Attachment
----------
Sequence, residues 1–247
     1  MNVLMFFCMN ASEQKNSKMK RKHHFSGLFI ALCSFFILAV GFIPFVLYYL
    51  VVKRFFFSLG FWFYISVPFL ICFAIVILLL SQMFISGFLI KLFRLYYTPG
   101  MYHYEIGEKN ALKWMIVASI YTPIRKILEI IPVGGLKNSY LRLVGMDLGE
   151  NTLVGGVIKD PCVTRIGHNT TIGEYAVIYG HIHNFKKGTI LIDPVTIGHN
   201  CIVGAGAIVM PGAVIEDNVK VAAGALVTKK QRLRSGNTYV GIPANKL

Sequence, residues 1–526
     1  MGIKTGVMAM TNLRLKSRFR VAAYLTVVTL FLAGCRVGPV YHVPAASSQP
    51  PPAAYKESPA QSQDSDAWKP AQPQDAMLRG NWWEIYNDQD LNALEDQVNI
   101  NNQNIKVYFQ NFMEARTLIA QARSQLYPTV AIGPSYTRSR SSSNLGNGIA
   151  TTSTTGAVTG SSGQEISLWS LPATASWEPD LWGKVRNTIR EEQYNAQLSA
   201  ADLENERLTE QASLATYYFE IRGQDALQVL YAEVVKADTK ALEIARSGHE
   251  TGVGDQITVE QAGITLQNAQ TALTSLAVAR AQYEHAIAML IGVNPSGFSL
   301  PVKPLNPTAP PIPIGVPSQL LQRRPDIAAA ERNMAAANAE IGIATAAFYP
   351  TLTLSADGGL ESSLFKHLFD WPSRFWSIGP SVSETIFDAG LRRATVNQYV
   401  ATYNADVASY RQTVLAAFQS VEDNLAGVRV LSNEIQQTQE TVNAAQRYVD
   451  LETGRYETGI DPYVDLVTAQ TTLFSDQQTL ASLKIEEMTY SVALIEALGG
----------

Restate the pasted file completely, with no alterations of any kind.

Sequence, residues 1–247
     1  MNVLMFFCMN ASEQKNSKMK RKHHFSGLFI ALCSFFILAV GFIPFVLYYL
    51  VVKRFFFSLG FWFYISVPFL ICFAIVILLL SQMFISGFLI KLFRLYYTPG
   101  MYHYEIGEKN ALKWMIVASI YTPIRKILEI IPVGGLKNSY LRLVGMDLGE
   151  NTLVGGVIKD PCVTRIGHNT TIGEYAVIYG HIHNFKKGTI LIDPVTIGHN
   201  CIVGAGAIVM PGAVIEDNVK VAAGALVTKK QRLRSGNTYV GIPANKL

Sequence, residues 1–526
     1  MGIKTGVMAM TNLRLKSRFR VAAYLTVVTL FLAGCRVGPV YHVPAASSQP
    51  PPAAYKESPA QSQDSDAWKP AQPQDAMLRG NWWEIYNDQD LNALEDQVNI
   101  NNQNIKVYFQ NFMEARTLIA QARSQLYPTV AIGPSYTRSR SSSNLGNGIA
   151  TTSTTGAVTG SSGQEISLWS LPATASWEPD LWGKVRNTIR EEQYNAQLSA
   201  ADLENERLTE QASLATYYFE IRGQDALQVL YAEVVKADTK ALEIARSGHE
   251  TGVGDQITVE QAGITLQNAQ TALTSLAVAR AQYEHAIAML IGVNPSGFSL
   301  PVKPLNPTAP PIPIGVPSQL LQRRPDIAAA ERNMAAANAE IGIATAAFYP
   351  TLTLSADGGL ESSLFKHLFD WPSRFWSIGP SVSETIFDAG LRRATVNQYV
   401  ATYNADVASY RQTVLAAFQS VEDNLAGVRV LSNEIQQTQE TVNAAQRYVD
   451  LETGRYETGI DPYVDLVTAQ TTLFSDQQTL ASLKIEEMTY SVALIEALGG